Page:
The latest study to look at the possible health risks associated with Roundup exposure highlights new concerns about the potential for Roundup’s active ingredient to interfere with microorganisms in the gut and cause severe gastrointestinal (GI) disorders. The study was conducted by researchers from across Europe, in coordination with King’s College London, and released in the journal BioRxiv as a preprint before peer review. Glyphosate is a chemical that has been classified by the International Agency for Research on Cancer (IARC) as a probable human carcinogen, meaning it can cause cancer in humans, and because of the way the weed killer is designed to work on the biological processes of plants, this new study shows that it may also pose a potential risk to the gut microbiome in humans.
Glyphosate is a powerful herbicide used by landscapers, farmers and homeowners all over the world to kill weeds, grasses and other plants. Glyphosate was first introduced in the United States in 1974 and quickly became one of the most widely used herbicides, used in agricultural and forestry applications, on home lawns and gardens and in industrial areas alike. The weed killer works by inhibiting a specific enzyme pathway, known as the shikimate pathway, which prevents plants from making certain proteins that are necessary for plant growth. It is this mechanism of action that the authors of this new study say can cause an imbalance in the gut microbiome, potentially putting those exposed at risk for gastrointestinal disorders and other health problems.
Humans can be exposed to Roundup if they get it on their skin, in their eyes or breathe it in while spraying the weed killer. They can also accidentally swallow Roundup if they eat or smoke after applying it without first washing their hands. What many people who regularly use Roundup around their homes or at work don’t realize is that research dating back decades has shown that humans with frequent or prolonged exposure to Roundup may face an increased risk of developing non-Hodgkin’s lymphoma, a type of cancer that affects the lymphatic system. This latest study also suggests that Roundup exposure may destroy gut bacteria, possibly putting humans at risk for Crohn’s disease, obesity, type 2 diabetes and other disorders.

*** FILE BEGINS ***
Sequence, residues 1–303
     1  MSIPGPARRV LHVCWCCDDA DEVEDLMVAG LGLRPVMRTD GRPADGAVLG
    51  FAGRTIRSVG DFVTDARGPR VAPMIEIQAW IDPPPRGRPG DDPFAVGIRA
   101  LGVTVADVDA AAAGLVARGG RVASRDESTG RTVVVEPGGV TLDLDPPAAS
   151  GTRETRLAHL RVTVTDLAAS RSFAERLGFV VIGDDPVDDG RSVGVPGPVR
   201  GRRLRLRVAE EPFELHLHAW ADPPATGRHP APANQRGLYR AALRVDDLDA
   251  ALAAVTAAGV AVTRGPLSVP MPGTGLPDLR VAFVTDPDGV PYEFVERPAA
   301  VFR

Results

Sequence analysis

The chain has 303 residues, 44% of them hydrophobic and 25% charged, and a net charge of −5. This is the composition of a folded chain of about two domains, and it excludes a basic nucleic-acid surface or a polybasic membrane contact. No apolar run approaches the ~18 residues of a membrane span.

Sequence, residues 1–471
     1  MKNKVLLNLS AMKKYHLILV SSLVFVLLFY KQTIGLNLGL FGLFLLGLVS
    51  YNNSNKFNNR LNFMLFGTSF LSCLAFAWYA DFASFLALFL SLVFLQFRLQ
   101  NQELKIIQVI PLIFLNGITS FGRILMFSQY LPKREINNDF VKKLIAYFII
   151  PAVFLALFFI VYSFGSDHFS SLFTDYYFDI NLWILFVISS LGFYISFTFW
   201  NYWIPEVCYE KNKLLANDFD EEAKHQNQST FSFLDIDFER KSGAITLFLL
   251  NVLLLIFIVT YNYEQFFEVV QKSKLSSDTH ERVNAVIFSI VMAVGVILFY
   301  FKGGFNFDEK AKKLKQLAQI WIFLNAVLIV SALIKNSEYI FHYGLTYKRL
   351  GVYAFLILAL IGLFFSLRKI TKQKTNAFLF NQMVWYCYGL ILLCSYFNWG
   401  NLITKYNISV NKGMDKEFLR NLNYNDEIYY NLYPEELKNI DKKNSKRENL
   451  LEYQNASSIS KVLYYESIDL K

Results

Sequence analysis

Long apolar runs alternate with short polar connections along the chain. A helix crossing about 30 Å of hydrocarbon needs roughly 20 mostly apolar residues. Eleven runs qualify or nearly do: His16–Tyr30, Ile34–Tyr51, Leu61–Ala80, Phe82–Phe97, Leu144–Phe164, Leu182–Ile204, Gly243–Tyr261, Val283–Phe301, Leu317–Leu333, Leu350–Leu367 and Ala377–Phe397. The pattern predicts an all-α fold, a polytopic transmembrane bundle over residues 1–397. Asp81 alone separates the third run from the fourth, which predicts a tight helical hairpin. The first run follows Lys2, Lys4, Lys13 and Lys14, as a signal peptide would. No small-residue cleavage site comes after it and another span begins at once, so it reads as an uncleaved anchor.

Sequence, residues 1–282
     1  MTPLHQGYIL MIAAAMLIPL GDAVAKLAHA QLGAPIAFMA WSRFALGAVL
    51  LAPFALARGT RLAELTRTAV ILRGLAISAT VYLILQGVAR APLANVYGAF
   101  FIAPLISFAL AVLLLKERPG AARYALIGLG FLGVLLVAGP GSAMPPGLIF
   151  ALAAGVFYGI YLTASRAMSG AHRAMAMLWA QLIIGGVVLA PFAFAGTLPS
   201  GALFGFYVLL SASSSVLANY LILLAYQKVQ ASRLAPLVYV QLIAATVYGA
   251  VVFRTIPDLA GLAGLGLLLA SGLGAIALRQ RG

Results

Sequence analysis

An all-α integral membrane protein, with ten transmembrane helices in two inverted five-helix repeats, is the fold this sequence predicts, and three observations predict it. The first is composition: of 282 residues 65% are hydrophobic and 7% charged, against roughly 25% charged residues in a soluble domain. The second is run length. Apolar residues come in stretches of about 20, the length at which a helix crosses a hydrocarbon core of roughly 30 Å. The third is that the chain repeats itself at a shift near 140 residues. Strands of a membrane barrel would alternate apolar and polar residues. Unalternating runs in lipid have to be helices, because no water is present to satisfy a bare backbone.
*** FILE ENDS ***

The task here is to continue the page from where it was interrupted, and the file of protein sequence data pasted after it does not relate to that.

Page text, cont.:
Monsanto, the maker of Roundup, maintains that the weed killer is safe, since humans and animals don’t use the shikimate pathway in their biological processes the way that plants do. However, many of the microorganisms in their guts do and these microorganisms can potentially be adversely affected by exposure to Roundup. In fact, according to the researchers, this study is the first to demonstrate that “glyphosate inhibits the shikimate pathway in the rate caecum microbiome and is associated with changes in bacterial community structure.” And while the rat gut microbiome is substantially different from that of humans, the researchers anticipate that their findings “will be of relevance for human physiology since the bacterial species inhabiting the human gastrointestinal tract have been found to be sensitive to glyphosate-mediated EPSPS inhibition.”
The researchers involved in this Roundup study tested various formulations of Roundup and pure glyphosate, exposing groups of female rats to levels of the weed killer representing the acceptable daily intake levels established by regulators in Europe and the United States. In doing so, they found that glyphosate inhibited the enzymes in certain microorganisms, more so with Roundup formulations than with pure glyphosate. “This revealed the first biomarker of glyphosate effects on rat gut microbiome,” the researchers noted. “Although more studies will be needed to ascertain if there are health implications arising from glyphosate inhibition of the shikimate pathway in the gut microbiome, our findings can be used in environmental epidemiological studies to understand if glyphosate can have biological effects in human populations.”
In light of mounting research showing that exposure to Roundup can put humans at risk for cancer and other serious medical problems, Monsanto and its parent company, Bayer, are facing a growing number of lawsuits brought on behalf of farmers, agricultural workers and consumers across the country. To date, more than 40,000 lawsuits have been filed against the companies, alleging that they knew for years about the carcinogenic effects of Roundup exposure, yet deliberately withheld this information from the public. If you or someone you love has been diagnosed with non-Hodgkin’s lymphoma or another severe side effect you believe to be related to Roundup exposure, consult a knowledgeable Roundup injury lawyer as soon as possible to discuss your possible compensation options.